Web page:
Music Therapy as an IEP Related Service

Music Therapy is considered a Related Service within IDEA, similar to occupational therapy, physical therapy, or speech and language therapy. Increasingly, school districts are realizing the value of music therapy services and are providing individuals with music therapy as a related service.

To learn more about how music therapy can be included in your child’s IEP explore the resources below.

Consider whether or not your child would qualify for music therapy based on this checklist.
Determining the Appropriateness of a Music Therapy Assessment

Read the Letter from the Department of Education which states that music therapy is an approved related service and is included within IDEA.

Want more information about how music therapy could be part of your child’s IEP? Please call us at 781-224-3300.

Music Therapy and the IEP

Music Therapy is an approved related service which can be included in a student’s IEP when it is found to be necessary to benefit from his or her educational plan.

When music therapy is provided as a direct related service, it is provided following the same guidelines as other therapies, such as physical therapy or occupational therapy. The need for a related service is determined by an assessment conducted by a qualified professional, a Board Certified Music Therapist, and can then be considered by the Committee for Special Education for inclusion in a student’s IEP. As with other related services, music therapy is recommended as a related service only if it is necessary for the child to benefit from his individual education program. The Music Therapy Evaluation conducted by Roman Music Therapy Services follows the SEMTAP (Special Education Music Therapy Assessment Process), a nationally recognized and published evaluation format by Prelude Music Therapy in Texas.

It consists of the following elements:

  • A formal request for a music therapy assessment from a parent or other member of the IEP team
  • A review of the child’s IEP including goals and objectives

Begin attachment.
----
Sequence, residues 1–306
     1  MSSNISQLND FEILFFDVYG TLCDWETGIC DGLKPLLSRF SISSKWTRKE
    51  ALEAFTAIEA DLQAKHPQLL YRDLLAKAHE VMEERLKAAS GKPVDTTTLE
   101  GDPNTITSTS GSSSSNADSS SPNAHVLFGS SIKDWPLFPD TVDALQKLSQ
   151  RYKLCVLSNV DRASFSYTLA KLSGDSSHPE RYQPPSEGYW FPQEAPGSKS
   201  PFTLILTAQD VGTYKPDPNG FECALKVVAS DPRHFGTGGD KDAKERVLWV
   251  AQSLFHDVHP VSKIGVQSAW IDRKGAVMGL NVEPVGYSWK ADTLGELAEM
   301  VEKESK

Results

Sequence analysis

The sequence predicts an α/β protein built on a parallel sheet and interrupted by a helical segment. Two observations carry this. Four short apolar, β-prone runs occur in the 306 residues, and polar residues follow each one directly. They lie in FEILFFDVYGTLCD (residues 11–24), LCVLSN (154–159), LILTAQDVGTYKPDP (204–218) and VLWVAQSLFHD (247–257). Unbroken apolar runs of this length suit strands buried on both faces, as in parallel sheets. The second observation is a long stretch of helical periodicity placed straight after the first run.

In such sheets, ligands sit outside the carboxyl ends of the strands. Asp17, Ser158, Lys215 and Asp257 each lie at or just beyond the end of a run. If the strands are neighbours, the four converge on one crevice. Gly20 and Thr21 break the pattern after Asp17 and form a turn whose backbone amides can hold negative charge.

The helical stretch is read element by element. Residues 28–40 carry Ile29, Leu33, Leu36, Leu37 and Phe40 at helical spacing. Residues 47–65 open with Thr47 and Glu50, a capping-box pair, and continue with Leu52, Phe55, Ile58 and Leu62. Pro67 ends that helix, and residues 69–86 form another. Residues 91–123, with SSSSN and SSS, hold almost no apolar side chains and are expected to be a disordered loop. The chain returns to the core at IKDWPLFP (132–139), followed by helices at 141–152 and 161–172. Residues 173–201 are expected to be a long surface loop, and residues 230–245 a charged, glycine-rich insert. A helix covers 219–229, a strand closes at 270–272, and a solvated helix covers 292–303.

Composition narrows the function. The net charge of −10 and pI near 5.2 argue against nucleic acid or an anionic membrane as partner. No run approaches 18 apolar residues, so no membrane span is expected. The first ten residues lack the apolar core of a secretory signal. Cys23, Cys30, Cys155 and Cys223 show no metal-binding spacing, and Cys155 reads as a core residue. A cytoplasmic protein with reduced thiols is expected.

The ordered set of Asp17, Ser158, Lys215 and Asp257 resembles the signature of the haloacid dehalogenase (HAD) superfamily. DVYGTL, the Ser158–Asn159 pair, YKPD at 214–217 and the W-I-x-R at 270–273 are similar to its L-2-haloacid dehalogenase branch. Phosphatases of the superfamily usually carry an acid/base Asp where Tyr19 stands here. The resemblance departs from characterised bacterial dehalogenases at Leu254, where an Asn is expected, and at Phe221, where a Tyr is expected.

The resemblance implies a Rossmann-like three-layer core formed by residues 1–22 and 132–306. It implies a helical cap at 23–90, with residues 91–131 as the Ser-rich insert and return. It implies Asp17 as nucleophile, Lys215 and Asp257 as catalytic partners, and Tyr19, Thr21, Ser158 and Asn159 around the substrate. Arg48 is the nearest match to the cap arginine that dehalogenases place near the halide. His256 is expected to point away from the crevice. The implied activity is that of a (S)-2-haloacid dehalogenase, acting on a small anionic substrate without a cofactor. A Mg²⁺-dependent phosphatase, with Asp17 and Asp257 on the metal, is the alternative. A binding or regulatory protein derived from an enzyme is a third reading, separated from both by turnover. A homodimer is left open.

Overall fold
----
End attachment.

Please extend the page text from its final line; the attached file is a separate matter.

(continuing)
• Interviews/consultation with the child’s teacher and other members of the IEP team
  • An observation of the child performing IEP goals in non-musical settings (groups and/or individual as appropriate)
  • Administration of a specially designed music therapy assessment session focusing on the same targeted IEP goals
  • Presentation of a comprehensive report at an IEP team meeting with the Music Therapist

Service recommendations may include direct service, consultation in the classroom, or consultation with special educators or other school staff members. If the team decides to add music therapy as a related service, goals and objectives specified in the report would be added to the student’s IEP.

Music therapy has been a profession for over 50 years and enjoys growing acceptance as an efficient, effective therapy for children with special needs. An increasing number of school districts are providing music therapy to children on both the pre-school and school aged levels and seeing the benefits that therapeutic music interventions can bring to students of all ages and levels.

Sources:

The SEMTAP Special Education Music Therapy Assessment Process Handbook, 2nd Edition (2003) by Kathleen Coleman & Betsey King Brunk, published by Prelude Music Therapy, (817) 481-2323
Beth Schwartz, LCAT, MT-BC

 

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